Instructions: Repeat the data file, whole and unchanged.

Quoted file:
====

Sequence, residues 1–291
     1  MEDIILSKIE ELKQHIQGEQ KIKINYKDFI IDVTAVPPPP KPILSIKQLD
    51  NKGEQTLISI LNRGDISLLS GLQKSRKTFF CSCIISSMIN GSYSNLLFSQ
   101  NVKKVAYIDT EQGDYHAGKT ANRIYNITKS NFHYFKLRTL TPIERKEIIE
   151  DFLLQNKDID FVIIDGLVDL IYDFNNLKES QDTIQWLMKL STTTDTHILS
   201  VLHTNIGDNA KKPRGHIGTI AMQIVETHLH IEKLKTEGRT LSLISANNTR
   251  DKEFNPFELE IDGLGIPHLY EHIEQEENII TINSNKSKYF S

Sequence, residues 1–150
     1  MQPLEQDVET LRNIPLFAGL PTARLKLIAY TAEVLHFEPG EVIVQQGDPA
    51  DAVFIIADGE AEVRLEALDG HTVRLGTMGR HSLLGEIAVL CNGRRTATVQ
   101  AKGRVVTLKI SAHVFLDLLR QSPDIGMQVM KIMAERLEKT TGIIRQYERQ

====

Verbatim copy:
Sequence, residues 1–291
     1  MEDIILSKIE ELKQHIQGEQ KIKINYKDFI IDVTAVPPPP KPILSIKQLD
    51  NKGEQTLISI LNRGDISLLS GLQKSRKTFF CSCIISSMIN GSYSNLLFSQ
   101  NVKKVAYIDT EQGDYHAGKT ANRIYNITKS NFHYFKLRTL TPIERKEIIE
   151  DFLLQNKDID FVIIDGLVDL IYDFNNLKES QDTIQWLMKL STTTDTHILS
   201  VLHTNIGDNA KKPRGHIGTI AMQIVETHLH IEKLKTEGRT LSLISANNTR
   251  DKEFNPFELE IDGLGIPHLY EHIEQEENII TINSNKSKYF S

Sequence, residues 1–150
     1  MQPLEQDVET LRNIPLFAGL PTARLKLIAY TAEVLHFEPG EVIVQQGDPA
    51  DAVFIIADGE AEVRLEALDG HTVRLGTMGR HSLLGEIAVL CNGRRTATVQ
   101  AKGRVVTLKI SAHVFLDLLR QSPDIGMQVM KIMAERLEKT TGIIRQYERQ